There’s a lot of interest in the new Gramm-Leach-Bliley Act’s (GLBA) revised Safeguards Rule. The new Rule gets more specific about exactly what dealers must have in place to comply. The intent of the new Rule appears to be to encourage businesses to move faster in the implementation of baseline cybersecurity best practices. For too long, businesses have been slow to accept the new reality that cybercrime is a serious threat that is only becoming more widespread and severe. Cybercrime is getting worse, and we are losing the battle. Things need to change.
There is a great deal to absorb in this new Rule. But a good place to start is with the requirement that dealers have a “qualified individual” overseeing and implementing their cybersecurity. The Rule states that “a qualified individual be responsible for overseeing and implementing your information security program.” But what does it mean to be “qualified?”
The Rule walks a fine line when defining what it means to be “qualified.” Although the Rule is more prescriptive than the previous Rule, it still provides organizations with some flexibility. The Rule simply states that “in order to effectively comply, a coordinator must have some level of information security training and knowledge.” However, it doesn’t specify exactly what type of cybersecurity training and certifications the qualified individual should have to effectively protect the organization. It does however require “verification that security personnel are taking steps to maintain current knowledge on security issues.” So, it appears that the Rule requires some type of “verification” or certification of knowledge and training in cybersecurity best practice. They just don’t dictate a specific type of information security training.
Further, the Rule requires that the qualified individual be responsible for the implementation of multi-factor authentication and provide an annual report in writing to your dealership’s executive management that includes:
- Results from an annual risk assessment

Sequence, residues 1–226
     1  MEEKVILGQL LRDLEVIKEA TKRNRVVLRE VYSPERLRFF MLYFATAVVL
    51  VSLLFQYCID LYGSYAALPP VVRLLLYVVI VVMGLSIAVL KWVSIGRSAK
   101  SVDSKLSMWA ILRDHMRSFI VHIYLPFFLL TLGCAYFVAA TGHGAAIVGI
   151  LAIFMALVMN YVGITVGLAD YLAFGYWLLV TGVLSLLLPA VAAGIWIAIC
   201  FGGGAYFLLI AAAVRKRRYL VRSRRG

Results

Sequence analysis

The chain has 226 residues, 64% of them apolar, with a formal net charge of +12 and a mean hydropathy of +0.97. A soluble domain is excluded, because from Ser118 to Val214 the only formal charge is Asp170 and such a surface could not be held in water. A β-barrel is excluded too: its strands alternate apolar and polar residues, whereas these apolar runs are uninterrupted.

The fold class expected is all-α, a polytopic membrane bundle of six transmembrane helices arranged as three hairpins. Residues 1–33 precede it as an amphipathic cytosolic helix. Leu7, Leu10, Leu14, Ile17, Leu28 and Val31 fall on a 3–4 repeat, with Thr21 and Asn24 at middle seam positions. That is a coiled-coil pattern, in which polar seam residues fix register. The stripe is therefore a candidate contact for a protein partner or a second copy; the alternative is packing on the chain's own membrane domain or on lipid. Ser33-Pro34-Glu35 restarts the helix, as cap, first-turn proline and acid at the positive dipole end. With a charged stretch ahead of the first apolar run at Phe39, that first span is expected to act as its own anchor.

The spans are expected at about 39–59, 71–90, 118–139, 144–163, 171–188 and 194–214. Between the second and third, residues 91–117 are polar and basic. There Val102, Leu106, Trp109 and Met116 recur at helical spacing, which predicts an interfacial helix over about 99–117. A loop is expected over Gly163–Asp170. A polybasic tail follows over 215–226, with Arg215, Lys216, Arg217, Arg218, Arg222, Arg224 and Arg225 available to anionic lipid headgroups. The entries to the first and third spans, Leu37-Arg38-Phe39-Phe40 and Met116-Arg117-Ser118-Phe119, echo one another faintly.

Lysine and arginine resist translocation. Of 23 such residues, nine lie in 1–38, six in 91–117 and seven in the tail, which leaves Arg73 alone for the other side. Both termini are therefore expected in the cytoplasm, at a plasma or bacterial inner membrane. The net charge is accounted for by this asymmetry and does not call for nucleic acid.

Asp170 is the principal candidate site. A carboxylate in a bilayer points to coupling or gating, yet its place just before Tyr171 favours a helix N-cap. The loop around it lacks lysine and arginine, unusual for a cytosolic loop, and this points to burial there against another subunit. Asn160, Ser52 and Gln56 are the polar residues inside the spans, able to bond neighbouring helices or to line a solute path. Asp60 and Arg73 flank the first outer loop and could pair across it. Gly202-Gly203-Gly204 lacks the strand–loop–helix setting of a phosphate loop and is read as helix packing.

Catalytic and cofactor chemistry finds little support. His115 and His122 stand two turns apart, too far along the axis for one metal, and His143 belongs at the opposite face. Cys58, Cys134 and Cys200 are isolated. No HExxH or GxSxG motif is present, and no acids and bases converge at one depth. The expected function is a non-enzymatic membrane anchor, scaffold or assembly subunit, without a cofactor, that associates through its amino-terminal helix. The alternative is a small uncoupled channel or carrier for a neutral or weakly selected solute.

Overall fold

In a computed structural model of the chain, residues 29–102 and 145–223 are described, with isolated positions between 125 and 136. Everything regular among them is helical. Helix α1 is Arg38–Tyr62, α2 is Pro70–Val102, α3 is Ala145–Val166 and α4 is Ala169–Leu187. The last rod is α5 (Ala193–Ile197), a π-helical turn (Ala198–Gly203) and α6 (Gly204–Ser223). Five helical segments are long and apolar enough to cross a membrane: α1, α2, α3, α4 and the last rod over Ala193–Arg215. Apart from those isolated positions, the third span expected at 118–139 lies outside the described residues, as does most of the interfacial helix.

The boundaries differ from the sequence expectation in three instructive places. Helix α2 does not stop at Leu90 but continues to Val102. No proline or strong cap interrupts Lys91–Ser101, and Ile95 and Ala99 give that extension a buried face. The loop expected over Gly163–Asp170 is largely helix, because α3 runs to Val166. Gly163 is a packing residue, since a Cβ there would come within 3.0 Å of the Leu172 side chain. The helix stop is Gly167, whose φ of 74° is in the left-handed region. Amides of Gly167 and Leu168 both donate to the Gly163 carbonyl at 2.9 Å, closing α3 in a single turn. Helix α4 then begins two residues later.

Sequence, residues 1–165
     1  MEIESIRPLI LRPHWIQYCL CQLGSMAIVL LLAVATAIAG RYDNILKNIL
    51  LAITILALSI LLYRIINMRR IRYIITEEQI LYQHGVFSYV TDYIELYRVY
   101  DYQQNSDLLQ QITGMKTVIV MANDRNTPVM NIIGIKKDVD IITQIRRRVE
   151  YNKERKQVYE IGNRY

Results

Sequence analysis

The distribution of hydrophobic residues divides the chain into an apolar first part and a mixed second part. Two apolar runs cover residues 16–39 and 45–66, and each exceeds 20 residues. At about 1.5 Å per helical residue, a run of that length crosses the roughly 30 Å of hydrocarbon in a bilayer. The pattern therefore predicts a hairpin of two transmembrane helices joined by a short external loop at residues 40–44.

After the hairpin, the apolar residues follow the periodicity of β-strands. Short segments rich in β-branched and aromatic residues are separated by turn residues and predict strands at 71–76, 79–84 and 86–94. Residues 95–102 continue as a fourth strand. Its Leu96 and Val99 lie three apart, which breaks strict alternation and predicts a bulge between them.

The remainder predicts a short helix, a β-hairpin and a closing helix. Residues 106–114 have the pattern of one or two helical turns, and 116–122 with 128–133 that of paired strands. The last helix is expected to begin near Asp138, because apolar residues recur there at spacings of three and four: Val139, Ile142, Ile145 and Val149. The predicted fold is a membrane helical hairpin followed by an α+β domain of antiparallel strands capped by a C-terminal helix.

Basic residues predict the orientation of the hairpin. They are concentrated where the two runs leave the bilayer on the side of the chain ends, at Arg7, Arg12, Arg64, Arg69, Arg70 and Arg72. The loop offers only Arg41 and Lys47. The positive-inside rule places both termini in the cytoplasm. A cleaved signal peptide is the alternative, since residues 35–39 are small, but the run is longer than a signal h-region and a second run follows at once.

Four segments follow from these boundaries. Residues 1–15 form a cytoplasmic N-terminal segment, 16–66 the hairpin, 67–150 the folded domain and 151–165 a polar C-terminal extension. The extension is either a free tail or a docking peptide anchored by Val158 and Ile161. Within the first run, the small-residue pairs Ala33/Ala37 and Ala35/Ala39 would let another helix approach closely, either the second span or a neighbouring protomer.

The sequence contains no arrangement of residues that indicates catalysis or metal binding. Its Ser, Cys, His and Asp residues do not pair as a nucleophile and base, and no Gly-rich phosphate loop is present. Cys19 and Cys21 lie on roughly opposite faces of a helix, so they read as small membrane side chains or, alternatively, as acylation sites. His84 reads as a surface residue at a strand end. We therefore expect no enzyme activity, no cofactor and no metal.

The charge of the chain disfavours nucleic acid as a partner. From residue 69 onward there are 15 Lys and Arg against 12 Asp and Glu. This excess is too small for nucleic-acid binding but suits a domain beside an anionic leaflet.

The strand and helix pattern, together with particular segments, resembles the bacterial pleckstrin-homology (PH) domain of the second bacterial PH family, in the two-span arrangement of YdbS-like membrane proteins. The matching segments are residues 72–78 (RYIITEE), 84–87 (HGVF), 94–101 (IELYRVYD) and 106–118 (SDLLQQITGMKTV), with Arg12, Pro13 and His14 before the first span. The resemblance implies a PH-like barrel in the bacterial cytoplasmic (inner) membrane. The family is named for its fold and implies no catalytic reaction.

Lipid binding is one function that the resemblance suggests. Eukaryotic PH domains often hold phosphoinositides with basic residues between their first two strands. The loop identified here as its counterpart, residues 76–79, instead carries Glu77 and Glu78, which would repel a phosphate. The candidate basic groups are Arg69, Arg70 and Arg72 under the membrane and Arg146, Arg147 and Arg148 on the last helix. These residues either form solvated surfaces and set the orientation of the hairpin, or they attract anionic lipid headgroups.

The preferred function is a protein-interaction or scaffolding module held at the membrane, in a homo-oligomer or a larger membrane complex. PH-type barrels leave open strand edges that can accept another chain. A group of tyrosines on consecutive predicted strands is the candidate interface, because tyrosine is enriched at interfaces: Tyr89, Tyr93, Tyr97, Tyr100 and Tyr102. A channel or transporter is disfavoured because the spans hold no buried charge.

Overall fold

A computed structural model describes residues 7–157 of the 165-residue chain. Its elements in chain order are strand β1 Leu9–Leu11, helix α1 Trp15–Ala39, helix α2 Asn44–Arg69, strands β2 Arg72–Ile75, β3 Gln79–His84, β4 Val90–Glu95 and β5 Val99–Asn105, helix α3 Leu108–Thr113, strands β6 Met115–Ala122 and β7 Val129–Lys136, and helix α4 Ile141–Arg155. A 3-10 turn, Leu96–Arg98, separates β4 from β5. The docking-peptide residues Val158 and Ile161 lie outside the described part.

- Risk management and control decisions
- Results of vulnerability assessments and penetration testing
- Security events or violations and appropriate responses
- Recommendations for changes and improvements in the dealership’s information security program
To do these things – you need cybersecurity expertise.
Many businesses – including dealers – have put responsibility for information security on the shoulders of someone who simply is the most technically proficient person in the organization. In many cases, this person has no formal cybersecurity training. In the past, this might have been sufficient. But today’s cybersecurity threat is just too sophisticated. Things have changed and this change requires that businesses evolve. The new Rule aims to encourage this evolution in the organizations that are subject to GLBA.
So, if you don’t have a “qualified individual” that meets the expectations of the new Rule then it’s time to do something about it. You can try to recruit a cybersecurity professional – but this will be very difficult. The unemployment rate for cybersecurity professionals is next to zero. These professionals are in very high demand and as you would expect they are very expensive.
The new Rule, however, offers some advice on how to secure a “qualified individual” in a cost-effective manner. First, the Rule allows for “the use of service providers to meet this [qualified individual] requirement.” It goes on to suggest that use of a service provider to address the qualified individual requirement “can significantly reduce costs as services exist to share the expense of qualified personnel and offer information security support at significantly less than the cost of employing a single qualified employee.” Voila, there is solution! Now, we just need to do it.